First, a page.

* Having been CFO for decade, Chazen became CEO in mid-2011
* Chairman Irani stepping down at end of 2014
* Shares down in past year, dividend raised 18.5 pct
By Braden Reddall
Feb 14 Occidental Petroleum Corp has
started looking for someone to replace Chief Executive Stephen
Chazen, the fourth-largest U.S. oil company said on Thursday,
after the 66-year-old spent less than two years in the top job.
"Succession planning and best corporate governance practices
have been a high priority for the Board over the past number of
years," said Margaret Foran, an Occidental director since late
2010. "We look forward to a thoughtful and smooth process that
will yield the best result for Oxy and all of its
A wise-cracking former Merrill Lynch banker, Chazen joined
Occidental in 1994 and took over as CEO in mid-2011 after
serving as chief financial officer for more than a decade.
With executive chairman and ex-CEO Ray Irani due to retire
at the end of 2014, a Chazen departure would mark the end of an
era for the Los Angeles-based company. Both executives found
themselves targeted over their high compensation, until a
shareholder effort to take board seats sparked reform in 2010.
Chazen ended up earning compensation worth $31.7 million in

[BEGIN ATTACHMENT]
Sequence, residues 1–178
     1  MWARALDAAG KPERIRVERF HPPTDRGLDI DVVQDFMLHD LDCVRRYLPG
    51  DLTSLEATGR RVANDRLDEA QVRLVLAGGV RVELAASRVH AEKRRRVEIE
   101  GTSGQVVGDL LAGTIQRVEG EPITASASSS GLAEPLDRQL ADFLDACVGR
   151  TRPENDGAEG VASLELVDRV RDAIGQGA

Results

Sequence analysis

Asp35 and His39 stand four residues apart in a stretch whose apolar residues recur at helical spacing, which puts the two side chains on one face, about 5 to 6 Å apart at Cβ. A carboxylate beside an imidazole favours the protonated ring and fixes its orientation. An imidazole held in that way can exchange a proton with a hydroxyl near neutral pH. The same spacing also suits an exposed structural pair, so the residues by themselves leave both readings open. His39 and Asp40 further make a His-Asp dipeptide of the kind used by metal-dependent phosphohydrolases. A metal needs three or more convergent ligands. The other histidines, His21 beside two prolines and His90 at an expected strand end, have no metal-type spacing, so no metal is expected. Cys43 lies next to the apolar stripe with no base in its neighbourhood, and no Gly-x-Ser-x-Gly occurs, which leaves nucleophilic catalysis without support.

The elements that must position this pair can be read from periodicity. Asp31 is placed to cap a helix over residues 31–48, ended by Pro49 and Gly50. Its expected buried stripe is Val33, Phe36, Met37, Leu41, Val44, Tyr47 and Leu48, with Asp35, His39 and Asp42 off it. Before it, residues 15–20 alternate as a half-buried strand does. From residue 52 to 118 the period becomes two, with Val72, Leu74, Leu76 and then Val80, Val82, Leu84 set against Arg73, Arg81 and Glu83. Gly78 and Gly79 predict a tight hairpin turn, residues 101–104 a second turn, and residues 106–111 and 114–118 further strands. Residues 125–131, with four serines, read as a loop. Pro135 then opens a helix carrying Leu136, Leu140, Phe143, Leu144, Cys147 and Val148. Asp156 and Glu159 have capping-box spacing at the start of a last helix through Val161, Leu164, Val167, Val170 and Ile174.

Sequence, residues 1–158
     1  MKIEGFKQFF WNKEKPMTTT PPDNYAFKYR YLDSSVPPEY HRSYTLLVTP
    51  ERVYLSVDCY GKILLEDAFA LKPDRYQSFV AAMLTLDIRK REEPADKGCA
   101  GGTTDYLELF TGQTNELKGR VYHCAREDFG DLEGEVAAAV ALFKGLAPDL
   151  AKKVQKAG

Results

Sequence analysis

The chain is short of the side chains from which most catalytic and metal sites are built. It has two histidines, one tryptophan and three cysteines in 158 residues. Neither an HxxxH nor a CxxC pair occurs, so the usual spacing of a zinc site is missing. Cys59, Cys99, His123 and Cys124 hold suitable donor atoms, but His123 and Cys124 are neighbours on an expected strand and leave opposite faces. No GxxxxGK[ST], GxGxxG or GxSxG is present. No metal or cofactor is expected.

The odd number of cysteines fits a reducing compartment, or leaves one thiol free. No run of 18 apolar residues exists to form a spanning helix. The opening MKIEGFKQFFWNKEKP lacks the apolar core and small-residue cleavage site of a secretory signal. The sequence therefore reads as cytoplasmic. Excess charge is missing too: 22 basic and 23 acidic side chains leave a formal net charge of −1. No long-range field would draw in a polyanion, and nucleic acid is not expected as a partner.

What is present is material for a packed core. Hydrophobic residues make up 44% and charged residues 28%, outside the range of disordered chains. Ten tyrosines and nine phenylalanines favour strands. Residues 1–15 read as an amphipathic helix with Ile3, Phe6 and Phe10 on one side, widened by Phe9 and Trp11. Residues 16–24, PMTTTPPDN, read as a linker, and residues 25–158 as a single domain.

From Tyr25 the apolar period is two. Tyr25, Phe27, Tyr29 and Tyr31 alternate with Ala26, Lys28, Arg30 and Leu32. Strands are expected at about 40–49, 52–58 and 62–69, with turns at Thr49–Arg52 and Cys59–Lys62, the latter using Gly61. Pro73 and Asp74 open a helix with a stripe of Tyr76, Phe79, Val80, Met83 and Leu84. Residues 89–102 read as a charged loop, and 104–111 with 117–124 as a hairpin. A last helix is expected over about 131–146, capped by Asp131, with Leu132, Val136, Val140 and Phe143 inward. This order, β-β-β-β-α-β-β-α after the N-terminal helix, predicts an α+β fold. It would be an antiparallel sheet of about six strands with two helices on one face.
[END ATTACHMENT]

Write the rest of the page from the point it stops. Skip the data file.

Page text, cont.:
2011, down from $38.1 million the year before, while Irani made
$49.8 million in 2011, down from $76.1 million. The disclosures
for 2012 have not yet been made.
Chazen is only Occidental's third CEO in half a century.
Irani had been named CEO in 1990 by Armand Hammer, a flamboyant
tycoon who spent three decades building the company from a small
firm of just three employees.
Shares of Occidental have fallen 15 percent in the past
year, compared with a 10 percent rise for California rival
Chevron Corp and 6 percent for giant Exxon Mobil Corp
A sweeping cost-cutting effort by Chazen over the past
quarter helped the company report a fourth-quarter profit well
ahead of analysts' estimates last month.
Earlier on Thursday, Occidental had announced an 18.5
percent increase in its annual dividend to $2.56 per share, for
a compound annual dividend growth rate of 16 percent since 2002.